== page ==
An expert meeting organised by the Heart Failure Clinic, Attikon University Hospital, was held in Athens on 27-28 Sept on the theme “Inotropes for the management of acute and advanced heart failure: practical considerations, tips and tricks, future directions”. Thirty-five experts from 21 European countries ranging geographically from Finland and Russia via Turkey and Israel to Cyprus and Spain grappled with the live issues of the field, including the definitions of acute and advanced heart failure, the need for haemodynamic, neurohormonal and symptom stabilisation, the ambition for (and sometimes tension between) quality and quantity of life, the uses of inotropes and their effects on the heart, lungs, kidney, and other organs in those settings. A consensus publication on the practical use of inotropes in those settings is planned for Q1 2019, with special focus on levosimendan.
This meeting represents the continuation of an initiative developed during the past decade and intended to promote clinical awareness of levosimendan while ensuring that the science and clinical experience underpinning the drug’s status in the cardiology repertoire is subject to regular updates and rigorous scrutiny through consensus development and peer review [1-7]. Having participated in several of these meetings I can attest to the calibre of the faculties involved, the depth and breadth of the discussions and the even-handed way that data is analysed and conclusions are reached. These meetings are not just a chance to catch up with colleagues in an agreeable location: there is a commitment to reaching and publishing serious reflections on best practice. Here are some examples from previous meetings held under the same auspices, all of which reward the effort of reading.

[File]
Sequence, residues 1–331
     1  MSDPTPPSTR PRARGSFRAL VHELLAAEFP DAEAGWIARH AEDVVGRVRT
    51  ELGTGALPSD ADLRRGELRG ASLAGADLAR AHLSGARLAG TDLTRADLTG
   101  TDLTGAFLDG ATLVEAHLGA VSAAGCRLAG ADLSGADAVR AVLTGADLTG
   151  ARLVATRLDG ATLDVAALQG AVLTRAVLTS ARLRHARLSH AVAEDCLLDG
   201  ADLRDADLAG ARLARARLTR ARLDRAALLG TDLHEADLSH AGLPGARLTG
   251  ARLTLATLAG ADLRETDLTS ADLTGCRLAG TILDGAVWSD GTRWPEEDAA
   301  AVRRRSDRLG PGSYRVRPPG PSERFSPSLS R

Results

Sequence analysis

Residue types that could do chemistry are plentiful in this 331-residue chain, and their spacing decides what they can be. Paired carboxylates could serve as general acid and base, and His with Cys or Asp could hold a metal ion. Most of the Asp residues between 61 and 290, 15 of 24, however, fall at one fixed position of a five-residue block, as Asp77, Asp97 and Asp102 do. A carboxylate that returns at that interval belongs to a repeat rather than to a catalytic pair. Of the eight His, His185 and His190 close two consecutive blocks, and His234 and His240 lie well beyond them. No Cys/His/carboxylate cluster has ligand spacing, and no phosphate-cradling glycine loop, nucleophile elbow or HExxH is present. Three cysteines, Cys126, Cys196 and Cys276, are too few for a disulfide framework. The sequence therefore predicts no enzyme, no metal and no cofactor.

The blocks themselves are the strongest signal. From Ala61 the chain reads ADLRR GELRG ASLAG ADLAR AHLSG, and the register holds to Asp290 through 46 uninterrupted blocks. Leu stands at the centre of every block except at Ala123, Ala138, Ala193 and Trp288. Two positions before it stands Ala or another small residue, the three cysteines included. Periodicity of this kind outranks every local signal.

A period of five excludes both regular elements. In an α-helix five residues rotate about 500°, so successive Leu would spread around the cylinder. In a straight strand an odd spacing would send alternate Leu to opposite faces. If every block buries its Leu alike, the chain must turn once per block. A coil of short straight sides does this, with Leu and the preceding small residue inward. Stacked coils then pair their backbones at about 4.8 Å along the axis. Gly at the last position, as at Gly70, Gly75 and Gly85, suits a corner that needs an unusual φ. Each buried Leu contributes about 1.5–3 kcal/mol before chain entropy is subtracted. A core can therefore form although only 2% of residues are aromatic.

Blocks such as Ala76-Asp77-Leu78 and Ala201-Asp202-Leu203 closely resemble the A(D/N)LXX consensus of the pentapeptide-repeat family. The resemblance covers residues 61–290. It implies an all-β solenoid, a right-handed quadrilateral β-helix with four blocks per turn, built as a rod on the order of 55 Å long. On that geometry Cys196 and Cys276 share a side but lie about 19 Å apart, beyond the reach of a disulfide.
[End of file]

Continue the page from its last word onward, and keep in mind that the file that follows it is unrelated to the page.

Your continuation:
Professor Gerhard Pölzl discusses the Heart Failure Association of the European Society of Cardiology annual meeting, where several sessions were held on the use of levosimendan in heart failure.
Professor Gerhard Pölzl discusses the interplay between the acutely compromised heart and the kidneys and how the optimal treatment for individual cases is complex.
The HFA-ESC has issued a fresh position paper [Crespo-Leiro MG et al. Eur J Heart Fail. 2018 May 27. doi: 10.1002/ejhf.1236]. Here’s our first take on some highlights.
Professor Gerhard Pölzl highlights Hospitalisation for the management of acute decompensation being a critical moment in the trajectory of heart failure (HF) and one that has gloomy prognostic implications for many patients.
If we had a way to reduce the risk of life-threatening complications after cardiac surgery would we use it? Of course we would. It is for reason that this blog post highlights the recent work of Dr. Qiang and colleagues. See the details here.
Professor Gerhard Pölzl reports primary results from the LION-HEART study in the management of advanced heart failure where among secondary endpoints, patients treated with levosimendan experienced a reduction in the rate of HF-related hospitalisation compared with placebo.
Professor Gerhard Pölzl highlights the LION-Heart and LAICA clinical trials.
Professor Cynthia M Dougherty and colleagues outline an array of options for the treatment of advanced heart failure (HF) that create – quite reasonably – the impression that we are in a golden age of therapeutic possibilities for this difficult condition.
Thoughts from the expert meeting organised by the Heart Failure Clinic, Attikon University Hospital, 2018.
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